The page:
It’s Spinach Festival weekend in Crystal City, my hometown, which boasts two statues of Popeye and still calls itself the Spinach Capital of the World.
Yet, as far as I know, no Spinach is being shipped out of Crystal City. In the good old days, there were two canneries and a number of “plataformas,” packing sheds that shipped fresh spinach to all parts of the country via railroad.
They were owned by prominent farming families. The Wagners. The Carrs. The Byrds. The tallest building for miles and miles around was a concrete vault where blocks of ice, made at the “hielería” next door, were stored for the high season. The ice was crushed and sprayed over the bushel baskets in the railroad cars.
My father worked at several of the plataformas, as did I (for very short periods of time).
My older sisters quit school when they were ternagers and went to work for the Del Monte plant. It was because of them that my family was able to have a decent house, the one I grew up in.
My oldest sister, María Luisa, helped organize he me co-workers into a union and they were all fired. They went to work at the other, smaller, cannery, until Del Monte hired three back.
After they got married and my mother was forced to work, it was at Del Monte that she worked. At first it was the night shift but as she accumulated “señorilla,” she was able to work days.
I think every one of my siblings worked there at one time or another. I did too. Hated it.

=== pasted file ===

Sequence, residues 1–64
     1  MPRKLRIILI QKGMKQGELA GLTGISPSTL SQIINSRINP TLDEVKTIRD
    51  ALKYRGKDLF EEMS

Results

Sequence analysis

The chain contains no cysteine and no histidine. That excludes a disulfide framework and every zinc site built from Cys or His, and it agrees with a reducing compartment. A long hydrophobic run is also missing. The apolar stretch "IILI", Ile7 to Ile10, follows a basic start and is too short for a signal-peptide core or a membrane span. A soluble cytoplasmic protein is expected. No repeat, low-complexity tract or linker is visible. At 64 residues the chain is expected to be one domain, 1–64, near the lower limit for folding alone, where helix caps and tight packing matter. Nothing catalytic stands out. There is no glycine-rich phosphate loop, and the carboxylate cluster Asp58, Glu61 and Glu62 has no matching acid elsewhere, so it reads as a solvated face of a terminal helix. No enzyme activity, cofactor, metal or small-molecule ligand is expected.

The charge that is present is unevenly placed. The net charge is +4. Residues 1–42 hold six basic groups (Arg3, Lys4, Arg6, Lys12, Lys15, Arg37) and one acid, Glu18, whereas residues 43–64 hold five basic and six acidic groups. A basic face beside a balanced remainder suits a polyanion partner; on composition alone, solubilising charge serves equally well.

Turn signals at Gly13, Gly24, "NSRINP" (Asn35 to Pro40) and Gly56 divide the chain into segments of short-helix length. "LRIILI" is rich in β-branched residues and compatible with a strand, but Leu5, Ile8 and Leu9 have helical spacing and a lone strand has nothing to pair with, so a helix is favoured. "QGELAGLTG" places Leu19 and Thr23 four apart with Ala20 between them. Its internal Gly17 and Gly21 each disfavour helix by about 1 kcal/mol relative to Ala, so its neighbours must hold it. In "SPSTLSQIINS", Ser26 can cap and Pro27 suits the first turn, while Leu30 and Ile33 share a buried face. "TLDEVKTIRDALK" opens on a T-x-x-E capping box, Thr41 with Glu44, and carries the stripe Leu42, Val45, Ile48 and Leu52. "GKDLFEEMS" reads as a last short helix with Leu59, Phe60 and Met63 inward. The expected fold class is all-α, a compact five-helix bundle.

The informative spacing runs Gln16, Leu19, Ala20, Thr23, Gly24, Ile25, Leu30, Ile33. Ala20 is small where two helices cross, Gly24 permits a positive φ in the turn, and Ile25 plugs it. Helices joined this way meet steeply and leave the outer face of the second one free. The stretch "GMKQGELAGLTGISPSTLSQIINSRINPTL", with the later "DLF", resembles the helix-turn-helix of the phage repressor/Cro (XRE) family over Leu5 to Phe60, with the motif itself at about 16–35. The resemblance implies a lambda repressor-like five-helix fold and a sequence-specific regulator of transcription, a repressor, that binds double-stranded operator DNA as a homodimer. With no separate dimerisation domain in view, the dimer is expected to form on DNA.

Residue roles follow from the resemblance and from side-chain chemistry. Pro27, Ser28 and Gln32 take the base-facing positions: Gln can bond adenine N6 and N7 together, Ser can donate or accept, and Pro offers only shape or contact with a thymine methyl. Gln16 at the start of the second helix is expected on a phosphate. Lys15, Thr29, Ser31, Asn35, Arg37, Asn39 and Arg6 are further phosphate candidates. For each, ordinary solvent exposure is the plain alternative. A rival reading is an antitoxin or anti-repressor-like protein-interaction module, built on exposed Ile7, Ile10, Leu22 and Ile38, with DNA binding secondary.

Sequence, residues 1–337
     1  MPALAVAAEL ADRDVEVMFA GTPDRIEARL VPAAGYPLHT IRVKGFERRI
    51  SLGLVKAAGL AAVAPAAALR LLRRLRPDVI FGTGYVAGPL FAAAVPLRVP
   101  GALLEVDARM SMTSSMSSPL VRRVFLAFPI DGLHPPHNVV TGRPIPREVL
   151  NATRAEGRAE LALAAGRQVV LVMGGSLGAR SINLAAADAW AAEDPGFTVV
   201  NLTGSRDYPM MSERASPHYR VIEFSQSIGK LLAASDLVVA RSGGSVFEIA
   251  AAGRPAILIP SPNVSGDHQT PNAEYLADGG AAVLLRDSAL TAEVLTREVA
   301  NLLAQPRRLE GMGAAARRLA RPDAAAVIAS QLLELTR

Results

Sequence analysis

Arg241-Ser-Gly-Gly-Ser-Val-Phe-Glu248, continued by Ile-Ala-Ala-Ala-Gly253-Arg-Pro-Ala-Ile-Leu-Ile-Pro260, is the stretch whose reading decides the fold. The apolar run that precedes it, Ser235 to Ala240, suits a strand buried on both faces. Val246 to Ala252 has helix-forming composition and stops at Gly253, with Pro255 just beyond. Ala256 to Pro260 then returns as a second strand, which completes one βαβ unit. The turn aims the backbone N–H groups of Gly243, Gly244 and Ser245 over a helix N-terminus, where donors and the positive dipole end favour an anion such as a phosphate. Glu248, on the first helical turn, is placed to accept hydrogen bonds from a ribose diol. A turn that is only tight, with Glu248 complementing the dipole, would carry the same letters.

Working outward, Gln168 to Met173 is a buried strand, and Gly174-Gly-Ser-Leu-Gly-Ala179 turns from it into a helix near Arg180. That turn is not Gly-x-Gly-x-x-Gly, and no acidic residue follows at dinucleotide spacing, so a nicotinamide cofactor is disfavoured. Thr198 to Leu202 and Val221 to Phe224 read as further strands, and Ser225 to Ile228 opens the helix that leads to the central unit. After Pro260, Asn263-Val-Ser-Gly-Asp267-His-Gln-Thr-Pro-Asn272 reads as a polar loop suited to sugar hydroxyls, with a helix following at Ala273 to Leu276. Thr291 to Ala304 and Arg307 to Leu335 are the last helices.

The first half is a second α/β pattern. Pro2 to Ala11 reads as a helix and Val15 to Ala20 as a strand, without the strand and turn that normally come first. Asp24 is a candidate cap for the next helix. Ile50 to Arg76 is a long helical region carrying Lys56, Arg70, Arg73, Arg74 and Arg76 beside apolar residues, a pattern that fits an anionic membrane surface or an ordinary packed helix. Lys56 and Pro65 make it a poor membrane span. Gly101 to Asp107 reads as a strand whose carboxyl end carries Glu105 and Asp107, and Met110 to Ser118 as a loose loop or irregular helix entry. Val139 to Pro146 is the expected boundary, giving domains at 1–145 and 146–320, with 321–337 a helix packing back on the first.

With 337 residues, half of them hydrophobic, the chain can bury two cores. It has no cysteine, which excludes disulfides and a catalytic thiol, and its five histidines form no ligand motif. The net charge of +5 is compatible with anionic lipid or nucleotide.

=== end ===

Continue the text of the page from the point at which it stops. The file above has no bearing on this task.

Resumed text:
A lot of people also worked out in the fields, cutting spinach and packing it into bushel baskets. I never had to do that, thank God.
Spinach is a winter crop (this area is called the Winter Garden of Texas) so the spinach season is in full blast in December and January. Some years, it gets so cold that the ice kills the spinach and deprives a lot of people of work for weeks. The only time we were “on welfare” (which meant accepting government surplus food) was after such hard freezes.
That was during the good old days.
Today there are no plataformas. The railroad that used to take the fresh spinach away stopped running decades ago. And this year the Del Monte plant closed.
Whatever spinach is harvested in the county is shipped out of Uvalde or Carizzo Springs.
Still, the festival must go on. Former residents who now live in Wisconsin, North Dakota and other states, or in other Texas cities, have come back to enjoy the festivities and to see old friends and reminisce about the old days.
A cold front came in last night and a chilly wind is blowing in from the north. That won’t stop this celebration of a a green leafy vegetable that is good for you. Really.